Poems by Mary McLaughlin Slechta

From Wreckage on a Watery Moon:
Driving Lesson

Kill the deer, I tell my son.
Kill the stunned bird that can’t fly,
kill the migrating tortoise,
kill the chipmunk and the indecisive squirrel,
kill the woodchuck and the snake,
kill the skunk, kill the possum,
kill the cat, kill the dog.

The car’s grid and windshield are already death traps,
I argue. And the only hierarchy to saving lives
on the road is you, at the top,
and everything else at the bottom.
Kill anything that gets between you and coming home.

This lesson contradicts everything I’ve ever told him
about human kindness and he, who’s been waging war
with his brother since birth, doesn’t want to hear.

I tell the thirty-year-old story of his grandpa’s co-worker.
His daughter didn’t hear a story or, if she did,
she didn’t listen. She couldn’t get Bambi out of her sight.
She crossed the centerline and broke her father’s heart.
Look in those big, dopey eyes, I say,
to underscore the point, and think of the girl’s daddy.

Kill the deer, I tell my son.

What I won’t say, what’s his to see in the road behind,
is the story of a boy who heard the story of the girl
and wrote his own with a happier ending.

One afternoon, a hundred yards off, the boy saw a pale,
curved shell inching slowly through the rain.
He could break, but that kid didn’t swerve.
Twenty-one, he knew his business. There was a pole
one side, oncoming traffic the other. And he lived…
That boy and his brother got home from Blockbuster
and after they washed from helping the EMT
and settled down, life went on. They watched a movie
and returned it. They took out another one.

You think the mother and father of those boys
didn’t sleep well that night?
You think my father, the snail in this story,
ever told me any different?

Kill the deer, I tell my son.
This is Eden and I’m God giving you dominion
over all the earth.

Kill the deer, I say.
This is God speaking. You’ve killed your brother.
And whether you meant to do what you did
or not, I leave a mark upon your hand.
But life goes on.

Kill the deer, I order him.
I’m God and you’re Abraham.
I ask you this favor because I love you
and I need you to prove something to me.

If you love me,
kill the deer.
From her chapbook Buried Bones:

Crawl Space
On hands and knees
real time compressed
like baking powder biscuits
between my eyes,
I fit the crawl space
in my grandmother’s room.
I stroke the silky dresses
that curve like kittens
in my hands
and reshape battered hats
around my head.
I etch these walls again
with one small memory
that’s tall and fine enough
to fit these clothes:

It’s Sunday-go-to-meet’n time.
A lady leaps
from a seat up front
and grows twenty times
her size in height
and width.
She shouts a song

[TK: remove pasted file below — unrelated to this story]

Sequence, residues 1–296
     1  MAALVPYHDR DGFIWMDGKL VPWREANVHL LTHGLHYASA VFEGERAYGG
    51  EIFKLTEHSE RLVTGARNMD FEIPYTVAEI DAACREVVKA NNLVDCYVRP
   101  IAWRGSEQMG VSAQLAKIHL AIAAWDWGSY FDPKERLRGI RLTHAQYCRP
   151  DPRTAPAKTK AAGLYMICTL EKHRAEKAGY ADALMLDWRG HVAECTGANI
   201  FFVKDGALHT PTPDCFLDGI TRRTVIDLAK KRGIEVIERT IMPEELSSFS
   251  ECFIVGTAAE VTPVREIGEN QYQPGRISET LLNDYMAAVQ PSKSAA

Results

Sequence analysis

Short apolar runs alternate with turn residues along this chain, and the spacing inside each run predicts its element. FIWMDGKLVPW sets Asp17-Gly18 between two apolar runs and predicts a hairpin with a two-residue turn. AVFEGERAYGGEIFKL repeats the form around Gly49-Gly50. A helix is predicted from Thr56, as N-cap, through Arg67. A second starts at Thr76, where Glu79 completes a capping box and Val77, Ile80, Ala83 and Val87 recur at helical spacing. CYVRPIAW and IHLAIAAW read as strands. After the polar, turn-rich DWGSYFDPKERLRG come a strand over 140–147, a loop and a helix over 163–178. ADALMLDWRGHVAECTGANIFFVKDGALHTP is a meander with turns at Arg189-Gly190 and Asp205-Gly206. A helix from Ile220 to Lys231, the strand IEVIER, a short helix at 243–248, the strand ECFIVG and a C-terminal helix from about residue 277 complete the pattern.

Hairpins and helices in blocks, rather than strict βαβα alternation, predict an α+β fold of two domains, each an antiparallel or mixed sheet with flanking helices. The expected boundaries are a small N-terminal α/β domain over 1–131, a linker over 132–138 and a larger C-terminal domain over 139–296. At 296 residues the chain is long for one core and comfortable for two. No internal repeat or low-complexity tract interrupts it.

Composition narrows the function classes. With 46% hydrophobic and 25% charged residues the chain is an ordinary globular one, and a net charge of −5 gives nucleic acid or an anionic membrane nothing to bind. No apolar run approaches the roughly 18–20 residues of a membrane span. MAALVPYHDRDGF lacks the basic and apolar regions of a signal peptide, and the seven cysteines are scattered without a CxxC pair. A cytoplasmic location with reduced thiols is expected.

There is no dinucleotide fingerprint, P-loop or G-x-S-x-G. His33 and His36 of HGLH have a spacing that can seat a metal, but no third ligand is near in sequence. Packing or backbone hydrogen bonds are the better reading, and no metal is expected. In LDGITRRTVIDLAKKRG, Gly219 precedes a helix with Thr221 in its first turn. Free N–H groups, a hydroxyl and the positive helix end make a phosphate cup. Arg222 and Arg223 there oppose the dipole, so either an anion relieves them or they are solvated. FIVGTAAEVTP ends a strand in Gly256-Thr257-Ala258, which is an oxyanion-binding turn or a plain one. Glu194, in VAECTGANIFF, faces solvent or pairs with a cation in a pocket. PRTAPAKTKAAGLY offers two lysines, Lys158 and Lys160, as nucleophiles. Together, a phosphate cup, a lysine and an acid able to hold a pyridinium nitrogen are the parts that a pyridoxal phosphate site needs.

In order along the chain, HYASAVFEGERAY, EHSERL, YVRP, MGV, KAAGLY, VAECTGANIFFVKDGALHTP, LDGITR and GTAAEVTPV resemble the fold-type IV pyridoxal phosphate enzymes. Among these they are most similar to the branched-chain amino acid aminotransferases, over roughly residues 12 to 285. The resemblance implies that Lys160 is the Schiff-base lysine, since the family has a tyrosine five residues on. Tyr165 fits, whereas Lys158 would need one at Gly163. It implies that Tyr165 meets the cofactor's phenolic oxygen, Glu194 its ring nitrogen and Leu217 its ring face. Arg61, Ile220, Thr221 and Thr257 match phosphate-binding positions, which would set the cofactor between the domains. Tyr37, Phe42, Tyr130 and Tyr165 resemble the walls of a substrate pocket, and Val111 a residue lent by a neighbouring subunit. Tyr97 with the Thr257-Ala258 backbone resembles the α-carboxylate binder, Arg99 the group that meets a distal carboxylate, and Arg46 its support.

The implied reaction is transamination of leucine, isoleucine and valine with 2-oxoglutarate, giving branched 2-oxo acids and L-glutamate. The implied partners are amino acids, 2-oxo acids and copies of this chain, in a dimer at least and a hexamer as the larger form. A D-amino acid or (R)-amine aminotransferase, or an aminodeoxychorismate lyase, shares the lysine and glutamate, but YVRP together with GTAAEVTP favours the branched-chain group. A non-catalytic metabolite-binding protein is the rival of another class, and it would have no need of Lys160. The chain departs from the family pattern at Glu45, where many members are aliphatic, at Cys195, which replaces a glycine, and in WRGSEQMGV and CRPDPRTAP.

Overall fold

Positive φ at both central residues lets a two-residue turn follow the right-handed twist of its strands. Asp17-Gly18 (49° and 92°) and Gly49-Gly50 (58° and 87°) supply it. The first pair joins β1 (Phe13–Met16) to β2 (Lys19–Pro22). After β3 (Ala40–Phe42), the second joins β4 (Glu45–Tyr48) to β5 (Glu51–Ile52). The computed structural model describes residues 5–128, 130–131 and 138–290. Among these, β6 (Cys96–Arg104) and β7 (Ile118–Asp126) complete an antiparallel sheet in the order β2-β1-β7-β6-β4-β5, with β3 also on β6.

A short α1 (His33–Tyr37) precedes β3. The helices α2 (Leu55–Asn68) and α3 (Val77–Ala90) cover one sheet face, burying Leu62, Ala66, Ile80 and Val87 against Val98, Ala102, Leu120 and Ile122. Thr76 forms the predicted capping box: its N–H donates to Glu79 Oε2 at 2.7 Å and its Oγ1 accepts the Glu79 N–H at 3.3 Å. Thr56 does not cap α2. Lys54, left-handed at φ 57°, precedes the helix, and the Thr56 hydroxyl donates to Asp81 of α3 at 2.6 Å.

on skipping, tripling
talking tongues,
and dances one-step, one-step
on the rumbling floor
beneath her feet.
Grandma pulls me closer
to the safety of her side
and promises my worried belly
that appetite is not forgotten.
She conjures a banquet table
of chicken in my mind
where the holy ghost
rubs elbows
with the hungry child.

originally published in Phati’tude

Losing faith
In second grade I had the braids,
the name and faith
to play the mother of Christ
Instead they gave the part to white Patty
and meant to appease me
with “conductor of the ho-ho-ho choir”

I scraped and bowed the verses
in a party dress that rose and fell
with applause and laughter
Even my mother and sister saw the joke
inside a saggy pair of bloomers

Who among them understood
how the role of “Mary”
suited me better
How it still does
thirty years later
with only a name
to recommend me

originally published in Paterson Literary Review and featured in the anthology: Identity Lesson: Contemporary Writing about Learning to be American.

Buried bones

With a sweep of oily fingers,
my father’s friend invites us
to sit for dinner.
His children standing nose-height
to the table sigh, like six balloons,
at our polite refusal.
Their father shakes his trousers clean
and beckons that what’s left
of bones and meat
is theirs to pick and gnaw.

My father says nothing

and shames himself
for a million years.

He takes me home to fill
a place laid open
wide between us.
I stuff myself
on all his good intentions,
but memory I hoard
like buried bones.

originally published in Paterson Literary Review

Some facts about the poet: Much of Mary McLaughlin Slechta’s work centers around growing up Jamaican-American in rural Connecticut of the 1960’s. Her poetry and short fiction have appeared in journals and anthologies including Many Mountains Moving, The Paterson Literary Review, and The Gihon River Review. She’s published a chapbook, Buried Bones, and a new in 2005 book, entitled Wreckage On a Watery Moon, (both from Foothills Publishing). The Boy’s Nightmare and other poems, an illustrated chapbook, is forthcoming from Feral Press. She teaches English as a Second Language in Syracuse, New York, where she lives with her husband and two sons. She joined the editorial staff of The Comstock Review in 2003.